A second problematic aspect of upsert: It generates a lot of small files in each of the altered partitions of your dataset, and unfortunately the developer has really no control over that. This is another big blow, since having an excessively large number of files leads to poor query performance on this dataset. You could still run a subsequent job for compacting the dataset, as proposed in https://docs.delta.io/latest/best-practices.html#compact-files . However, in my particular use case, compaction was also surprisingly very slow, bringing another big blow to the total runtime.
Delta Lake is a great technology that brings ACID transformations to ETL pipelines and a lot of very mature features that makes the life of Data Engineers a lot simpler. This alone fully justifies a switch to Delta Lake, especially if you are dealing with streaming jobs, where keeping ACID transactions might be a lot more complicated. On the other hand the performance of upsert for the case where several partitions have to be updated is still very poor (in this particular case 3X poorer), and in the end you still need an extra transformation for compacting the data. That’s quite a shame since as discussed before, upsert ensures a better data quality awareness of your table. However, you can get rid of those duplicates by good engineering, but tedious.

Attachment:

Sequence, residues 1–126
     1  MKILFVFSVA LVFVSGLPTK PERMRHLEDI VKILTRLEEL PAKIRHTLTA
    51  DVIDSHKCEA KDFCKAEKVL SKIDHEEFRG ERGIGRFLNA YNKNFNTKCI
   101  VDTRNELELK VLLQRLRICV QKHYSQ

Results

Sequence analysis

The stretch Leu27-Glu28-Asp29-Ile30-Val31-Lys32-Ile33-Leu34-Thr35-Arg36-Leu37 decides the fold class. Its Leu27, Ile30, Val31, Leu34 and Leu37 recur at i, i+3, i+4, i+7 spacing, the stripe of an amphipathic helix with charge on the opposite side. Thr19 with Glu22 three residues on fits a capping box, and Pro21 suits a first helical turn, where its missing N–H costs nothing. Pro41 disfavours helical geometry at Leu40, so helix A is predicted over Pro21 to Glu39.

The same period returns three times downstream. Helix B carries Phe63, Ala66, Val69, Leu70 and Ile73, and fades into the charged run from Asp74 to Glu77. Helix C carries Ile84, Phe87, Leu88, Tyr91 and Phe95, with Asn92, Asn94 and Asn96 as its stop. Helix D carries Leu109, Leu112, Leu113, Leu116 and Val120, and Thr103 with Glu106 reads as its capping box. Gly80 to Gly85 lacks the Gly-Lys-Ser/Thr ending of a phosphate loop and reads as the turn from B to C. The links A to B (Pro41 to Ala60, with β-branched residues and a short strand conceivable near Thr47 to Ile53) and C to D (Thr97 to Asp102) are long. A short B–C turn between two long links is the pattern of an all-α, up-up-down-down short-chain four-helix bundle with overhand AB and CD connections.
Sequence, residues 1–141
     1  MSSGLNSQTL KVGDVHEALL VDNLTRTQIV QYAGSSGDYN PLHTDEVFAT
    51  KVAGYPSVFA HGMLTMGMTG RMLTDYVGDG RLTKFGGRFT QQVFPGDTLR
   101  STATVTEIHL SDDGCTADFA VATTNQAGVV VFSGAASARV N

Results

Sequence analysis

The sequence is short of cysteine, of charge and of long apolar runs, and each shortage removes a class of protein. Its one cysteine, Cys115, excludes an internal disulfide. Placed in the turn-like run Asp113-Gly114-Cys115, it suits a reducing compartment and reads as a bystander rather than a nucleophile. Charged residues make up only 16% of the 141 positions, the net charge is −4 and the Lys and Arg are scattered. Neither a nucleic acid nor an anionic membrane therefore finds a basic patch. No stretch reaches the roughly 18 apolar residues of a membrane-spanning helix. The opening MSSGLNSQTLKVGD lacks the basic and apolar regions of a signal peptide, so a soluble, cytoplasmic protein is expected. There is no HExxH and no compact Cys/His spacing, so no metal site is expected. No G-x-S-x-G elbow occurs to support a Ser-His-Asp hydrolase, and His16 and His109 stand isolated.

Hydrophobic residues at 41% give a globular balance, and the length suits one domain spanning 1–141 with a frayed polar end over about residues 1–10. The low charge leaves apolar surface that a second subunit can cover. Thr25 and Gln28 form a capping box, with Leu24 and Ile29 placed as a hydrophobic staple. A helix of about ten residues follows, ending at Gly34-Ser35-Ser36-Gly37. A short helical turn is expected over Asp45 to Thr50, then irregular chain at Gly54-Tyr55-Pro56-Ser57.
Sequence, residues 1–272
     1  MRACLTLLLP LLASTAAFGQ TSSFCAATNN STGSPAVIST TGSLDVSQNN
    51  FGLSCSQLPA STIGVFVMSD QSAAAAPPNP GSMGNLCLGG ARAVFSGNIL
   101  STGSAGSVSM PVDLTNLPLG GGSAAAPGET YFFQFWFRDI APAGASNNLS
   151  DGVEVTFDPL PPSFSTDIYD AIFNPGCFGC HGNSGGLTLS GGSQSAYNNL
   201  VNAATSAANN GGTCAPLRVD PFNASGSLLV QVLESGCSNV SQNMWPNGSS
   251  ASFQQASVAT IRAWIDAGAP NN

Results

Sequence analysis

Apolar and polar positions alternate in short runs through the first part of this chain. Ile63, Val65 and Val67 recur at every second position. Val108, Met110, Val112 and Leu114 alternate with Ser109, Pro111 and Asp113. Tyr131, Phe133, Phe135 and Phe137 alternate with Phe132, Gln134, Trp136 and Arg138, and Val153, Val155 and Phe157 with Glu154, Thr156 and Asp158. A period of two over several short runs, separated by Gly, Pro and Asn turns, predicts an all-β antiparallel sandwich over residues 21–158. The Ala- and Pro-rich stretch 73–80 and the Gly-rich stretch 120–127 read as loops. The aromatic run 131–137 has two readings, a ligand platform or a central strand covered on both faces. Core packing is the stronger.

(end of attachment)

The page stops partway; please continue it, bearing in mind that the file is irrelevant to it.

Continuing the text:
By the way, Delta Lake is still quite new, and useful use cases are not well described in the internet. So it would be awesome if you could also describe your experiences with Delta Lake in this post!